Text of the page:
Roger Penske’s team dominated IndyCar’s third-last race of the year at Sonoma in California on Sunday.
Will Power and Ryan Briscoe swept the front row with championship leader Power starting from the pole and running away on his own for most of the race. But Briscoe was able to take the lead during the last round of pitstops which occurred amid a full-course yellow for a hefty collision involving Sebastien Bourdais and Josef Newgarden. Briscoe went on to score his first win in two years with Power and third-placed Dario Franchitti chasing him closely to the chequered flag.
Meanwhile Power’s primary championship rival Ryan Hunter-Reay had a bad day, losing a likely third place when he was hit and spun by Alex Tagliani on a restart with just 11 laps to go. Hunter-Reay drove a strong race, moving up from seventh on the grid and turning the race’s fastest lap, but Tagliani’s wild outbraking move may have cost Hunter-Reay the championship. After spinning, Hunter-Reay stalled when he tried to restart, thus losing a lap and finishing a disgusted 18th.
With two races to go Hunter-Reay has fallen 36 points behind Power and faces a tough task based on Power and Team Penske’s form at Sears Point. Despite a series of adventures Helio Castroneves in Penske’s third car was able to finish sixth at Sears Point and still has a mathematical shot at the championship.
“It was just a terrific day for both Will and Ryan and certainly Ryan had an outstanding day,” said team owner Penske. “I think the guys in the pits made the difference between the two cars. They were both good all weekend and to finish one-two and Helio finish sixth – it’s great for the championship, obviously.”
Briscoe was able to take the lead thanks to a perfect final stop while Power’s crew had trouble with the right rear tyre. Power then found himself caught in traffic when he rejoined under the yellow losing further time to his team-mate.
“I wanted to win the race but I wanted to do it cleanly,” said Briscoe about the restart. “I knew that with Will starting on the outside it’s almost impossible to stay out there and get the lead. I just wanted to make sure I didn’t get too much wheelspin and get a clean lap and then the car was really good at the end on the red tyres.”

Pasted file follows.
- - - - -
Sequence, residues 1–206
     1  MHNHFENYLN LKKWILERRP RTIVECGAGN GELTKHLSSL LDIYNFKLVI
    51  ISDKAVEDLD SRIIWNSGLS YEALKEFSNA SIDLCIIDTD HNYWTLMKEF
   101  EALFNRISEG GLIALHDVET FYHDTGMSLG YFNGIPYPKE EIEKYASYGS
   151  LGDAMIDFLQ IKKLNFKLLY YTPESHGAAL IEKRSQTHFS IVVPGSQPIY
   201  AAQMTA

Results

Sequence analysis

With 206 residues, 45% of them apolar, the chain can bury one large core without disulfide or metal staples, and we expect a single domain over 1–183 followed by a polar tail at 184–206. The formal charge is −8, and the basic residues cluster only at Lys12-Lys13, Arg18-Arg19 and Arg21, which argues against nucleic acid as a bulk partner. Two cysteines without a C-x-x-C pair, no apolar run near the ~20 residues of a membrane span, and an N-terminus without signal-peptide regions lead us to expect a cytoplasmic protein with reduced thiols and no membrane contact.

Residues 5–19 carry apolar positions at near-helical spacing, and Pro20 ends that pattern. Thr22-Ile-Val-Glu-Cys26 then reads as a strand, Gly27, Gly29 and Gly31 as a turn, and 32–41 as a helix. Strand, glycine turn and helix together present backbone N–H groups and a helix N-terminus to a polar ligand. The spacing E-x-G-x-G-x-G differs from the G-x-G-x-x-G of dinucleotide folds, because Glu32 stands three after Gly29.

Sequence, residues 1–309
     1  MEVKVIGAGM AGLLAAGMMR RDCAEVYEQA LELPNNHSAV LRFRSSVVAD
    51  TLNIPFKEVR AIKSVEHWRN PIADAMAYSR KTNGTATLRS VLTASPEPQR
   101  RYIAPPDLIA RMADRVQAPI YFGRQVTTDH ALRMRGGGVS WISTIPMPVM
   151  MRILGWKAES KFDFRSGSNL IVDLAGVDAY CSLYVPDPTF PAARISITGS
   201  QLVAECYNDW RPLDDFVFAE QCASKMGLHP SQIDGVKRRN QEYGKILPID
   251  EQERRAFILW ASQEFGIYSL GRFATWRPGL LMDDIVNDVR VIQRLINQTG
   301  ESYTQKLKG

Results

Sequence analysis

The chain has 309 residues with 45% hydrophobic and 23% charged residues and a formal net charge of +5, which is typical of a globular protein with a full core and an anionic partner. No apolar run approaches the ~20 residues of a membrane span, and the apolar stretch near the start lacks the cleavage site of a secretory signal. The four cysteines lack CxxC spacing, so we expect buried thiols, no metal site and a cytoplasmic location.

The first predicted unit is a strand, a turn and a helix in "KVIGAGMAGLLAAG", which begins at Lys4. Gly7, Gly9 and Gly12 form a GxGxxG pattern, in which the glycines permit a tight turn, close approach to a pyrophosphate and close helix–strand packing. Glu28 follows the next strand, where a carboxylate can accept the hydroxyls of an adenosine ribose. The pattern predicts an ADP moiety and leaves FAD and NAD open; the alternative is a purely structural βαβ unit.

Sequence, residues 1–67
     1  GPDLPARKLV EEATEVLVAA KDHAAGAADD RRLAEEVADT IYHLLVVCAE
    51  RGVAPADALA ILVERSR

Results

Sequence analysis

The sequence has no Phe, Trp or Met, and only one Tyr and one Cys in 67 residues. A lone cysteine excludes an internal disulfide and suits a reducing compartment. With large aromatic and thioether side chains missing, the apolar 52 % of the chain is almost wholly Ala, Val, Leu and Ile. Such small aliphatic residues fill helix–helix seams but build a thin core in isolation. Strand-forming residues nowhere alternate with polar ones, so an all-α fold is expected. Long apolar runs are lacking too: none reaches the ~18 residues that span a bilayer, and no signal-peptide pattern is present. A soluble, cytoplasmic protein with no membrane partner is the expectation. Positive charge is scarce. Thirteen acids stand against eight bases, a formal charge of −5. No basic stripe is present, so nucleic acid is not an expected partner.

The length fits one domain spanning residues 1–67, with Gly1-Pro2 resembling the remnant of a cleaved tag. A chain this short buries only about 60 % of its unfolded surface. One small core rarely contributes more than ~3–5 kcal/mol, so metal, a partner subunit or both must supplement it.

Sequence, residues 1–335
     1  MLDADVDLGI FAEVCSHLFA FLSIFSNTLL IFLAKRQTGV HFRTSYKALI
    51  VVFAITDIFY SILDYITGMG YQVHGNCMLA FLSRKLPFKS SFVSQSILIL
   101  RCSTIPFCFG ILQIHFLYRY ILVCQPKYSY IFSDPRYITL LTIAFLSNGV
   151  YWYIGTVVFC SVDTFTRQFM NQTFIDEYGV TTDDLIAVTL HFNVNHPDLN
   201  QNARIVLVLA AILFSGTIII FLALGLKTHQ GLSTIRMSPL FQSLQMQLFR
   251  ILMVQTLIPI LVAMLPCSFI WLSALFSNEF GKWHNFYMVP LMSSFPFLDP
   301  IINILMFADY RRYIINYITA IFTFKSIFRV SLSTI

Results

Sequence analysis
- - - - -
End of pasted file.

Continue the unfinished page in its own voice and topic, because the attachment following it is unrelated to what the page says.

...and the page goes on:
At the end of the race Power had some trouble with IndyCar’s contentious push-to-pass system which caused his engine to cut out when he tried to use it in the closing laps.
“It’s tough to lead so many laps and have the quickest car, but it was still a good day,” Power said. “I’m just disappointed to lead so many laps. I should’ve won. But excellent for Ryan. He deserved to win. He’s a bloody good driver, one of the quickest drivers in the series, and he’s had a bit of rough shot the last few years. I would have loved to win but we still got some points and made the points situation better for us.”
Sebastien Bourdais enjoyed his best race so far with Jay Penske’s team until crashing near the end of the race while running in traffic on his first lap out on cold tyres. Bourdais qualified and ran an impressive third but found himself racing with Josef Newgarden’s lapped car only to get into the dirt and slew into Newgarden’s path. The collision caused Newgarden to cartwheel into a tyre barrier and both drivers were lucky to escape unscathed.
“It was a big crash,” Bourdais groaned. “The tub is broken in two and the gearbox hit my shoulder. I feel very bad. The car refused to turn. It’s my mistake for sure. Everything was working out great and we had a new set of tyres to finish the race but the problem was we were in middle of a battle with lapped cars and they were racing us pretty hard. I guess I should have given up and let them go.”
Bourdais’s crash with Newgarden and the subsequent full-course yellow helped Briscoe pass Power for the lead and also allowed Franchitti to finish third. Dario’s teammate Scott Dixon was the innocent victim in a couple of minor collisions, damaging his nose on one occasion and half-spinning on another. Dixon eventually made it home in 13th place falling 54 points behind Power.
Simon Pagenaud’s seventh place finish at Sears Point clinched IndyCar’s rookie of the year award for the 28-year-old Frenchman while Rubens Barrichello enjoyed his best race of the year, finishing a strong fourth ahead of Graham Rahal and Castroneves. And Briscoe and Power’s one-two sweep wrapped-up IndyCar’s
manufacturers championship for Chevrolet.